The Tomatometer rating – based on the published opinions of hundreds of film and
television critics – is a trusted measurement of movie and TV programming quality
for millions of moviegoers. It represents the percentage of professional critic reviews
that are positive for a given film or television show.
From the Critics
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The Tomatometer is 60% or higher.
The Tomatometer is 59% or lower.
Movies and TV shows are Certified Fresh with a steady Tomatometer of 75% or
higher after a set amount of reviews (80 for wide-release movies, 40 for
limited-release movies, 20 for TV shows), including 5 reviews from Top Critics.
Percentage of users who rate a movie or TV show positively.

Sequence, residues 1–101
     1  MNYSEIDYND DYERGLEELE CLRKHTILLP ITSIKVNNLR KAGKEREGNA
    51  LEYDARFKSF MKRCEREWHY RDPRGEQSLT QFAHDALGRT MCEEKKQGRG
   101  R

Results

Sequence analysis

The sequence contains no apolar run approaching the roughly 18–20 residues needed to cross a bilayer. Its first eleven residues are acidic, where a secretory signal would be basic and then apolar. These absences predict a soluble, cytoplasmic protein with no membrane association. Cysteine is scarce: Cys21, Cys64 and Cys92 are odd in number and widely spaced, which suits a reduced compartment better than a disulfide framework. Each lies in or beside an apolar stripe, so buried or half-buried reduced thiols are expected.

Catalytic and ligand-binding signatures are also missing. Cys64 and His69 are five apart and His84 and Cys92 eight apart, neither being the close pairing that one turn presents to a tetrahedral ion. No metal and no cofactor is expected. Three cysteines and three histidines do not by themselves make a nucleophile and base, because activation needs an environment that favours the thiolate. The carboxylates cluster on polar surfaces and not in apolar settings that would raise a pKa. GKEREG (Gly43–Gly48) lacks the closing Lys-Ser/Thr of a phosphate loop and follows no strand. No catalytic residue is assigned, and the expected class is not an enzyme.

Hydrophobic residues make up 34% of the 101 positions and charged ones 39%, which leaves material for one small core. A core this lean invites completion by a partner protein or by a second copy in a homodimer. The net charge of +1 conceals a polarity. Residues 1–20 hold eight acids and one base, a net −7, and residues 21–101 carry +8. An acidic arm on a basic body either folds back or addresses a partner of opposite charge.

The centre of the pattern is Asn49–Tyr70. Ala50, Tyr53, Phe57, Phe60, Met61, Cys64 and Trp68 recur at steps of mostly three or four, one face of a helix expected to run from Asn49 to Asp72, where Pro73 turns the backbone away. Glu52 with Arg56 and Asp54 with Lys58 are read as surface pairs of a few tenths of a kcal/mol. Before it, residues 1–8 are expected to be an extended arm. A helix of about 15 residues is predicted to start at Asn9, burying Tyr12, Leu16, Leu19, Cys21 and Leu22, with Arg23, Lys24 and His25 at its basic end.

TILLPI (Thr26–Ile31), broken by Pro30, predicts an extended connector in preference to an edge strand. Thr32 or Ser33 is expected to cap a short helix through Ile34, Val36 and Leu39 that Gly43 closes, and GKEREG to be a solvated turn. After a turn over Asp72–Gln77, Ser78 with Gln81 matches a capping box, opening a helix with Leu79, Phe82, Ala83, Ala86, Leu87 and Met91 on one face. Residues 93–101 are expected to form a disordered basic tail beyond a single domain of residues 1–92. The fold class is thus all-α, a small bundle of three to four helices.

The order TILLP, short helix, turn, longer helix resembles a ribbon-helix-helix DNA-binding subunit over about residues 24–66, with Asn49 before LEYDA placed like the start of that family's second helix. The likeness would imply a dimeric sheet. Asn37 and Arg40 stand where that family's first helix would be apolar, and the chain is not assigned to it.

For much of the early '50s, Ed Kemmer was one of the most popular leading men on television, at least among younger viewers, as a result of his portrayal of Commander Buzz Corry on the series Space Patrol. Born in Reading, PA, in 1921, Kemmer learned to fly while still in his teens and joined the U.S. Army Air Force when the United States entered World War II. A fighter pilot, he was shot down on his 47th mission, in June of 1944, just a few days after D-Day, and was imprisoned at Stalag Luft 3. He escaped on one occasion in the spring of 1945, was recaptured, and then was liberated a by American troops a few days later, during the final phase of the war. After leaving the service, Kemmer decided to take advantage of the G.I. Bill of Rights by studying at the College of Theater Arts at the Pasadena Playhouse. He finished the program in 18 months instead of the usual two years and began doing stage work, though some of that didn't take him too far from his background as a pilot -- in addition to such plays as John Loves Mary and Arsenic and Old Lace, Kemmer also acted in a production of the drama Command Decision, which dealt with bomber pilots and their commanding officers during World War II. Kemmer later auditioned for and was cast in the role of Commander Buzz Corry on Space Patrol, initially for eight dollars an episode in the 15-minute version of the show, which was broadcast locally in San Francisco. The money went up when the newly-organized ABC network picked up the series and it was expanded to 30 minutes. Space Patrol ran for five seasons, generating many hundreds of episodes, all of them done live and most of the network shows preserved on kinescope. Kemmer developed a serious following among the younger viewers who comprised its audience, even long past 1955, as the shows were re-broadcast under the syndicated title Satellite Police into the early '60s. With his clean-cut good looks, the early thirtyish Kemmer was the quintessential space hero, strong and authoritative, yet young enough to seem a bit more accessible, like an older brother, than the more distant, avuncular figure of Al Hodge in Captain Video. Kemmer was part of the first generation of actors to break through to stardom on the small-screen, but after more than 1,000 live broadcasts in a five-year period, he didn't want to remain in television. He moved into motion pictures in 1956 with Abner Biberman's prison escape drama Behind the High Wall. Over the next few years, Kemmer played leading roles in low-budget pictures such as The Hot Angel (which utilized his experience as a pilot), and Calypso Joe and Sierra Stranger, before he moved up to supporting parts in major studio films such as The Crowded Sky and the Barrymore family biography Too Much, Too Soon, in which he got to meet and work with Errol Flynn. Where Kemmer became an actual star with a following, however, was in the area of science fiction -- he played leading roles in such B-pictures as Giant From the Unknown (billed as Edward Kemmer), directed by Richard Cunha, and Earth vs. the Spider, made by Bert I. Gordon. Both of those movies became hits on the drive-in and neighborhood theater circuits to which they were released, and subsequently became cult favorites on television; indeed, Giant From the Unknown has even been issued on DVD in the 21st century. By the end of the 1950s, Kemmer had also started a second small-screen career, this time in soap operas, beginning with the West Coast drama Clear Horizon and continuing with Edge of Night, and then encompassing dozens of other daytime dramas, including The Doctors, Somerset, As the World Turns, The Guiding Light, and Ryan's Hope. He was also a frequent guest performer on dozens of prime-time series, including Lassie, Perry Mason, The Virginian, Maverick, 77 Sunset Strip, The Rebel, Combat, and Twilight Zone. Kemmer reportedly was still receiving fan mail over Space Patrol in 2001, a half century after the series went on the air.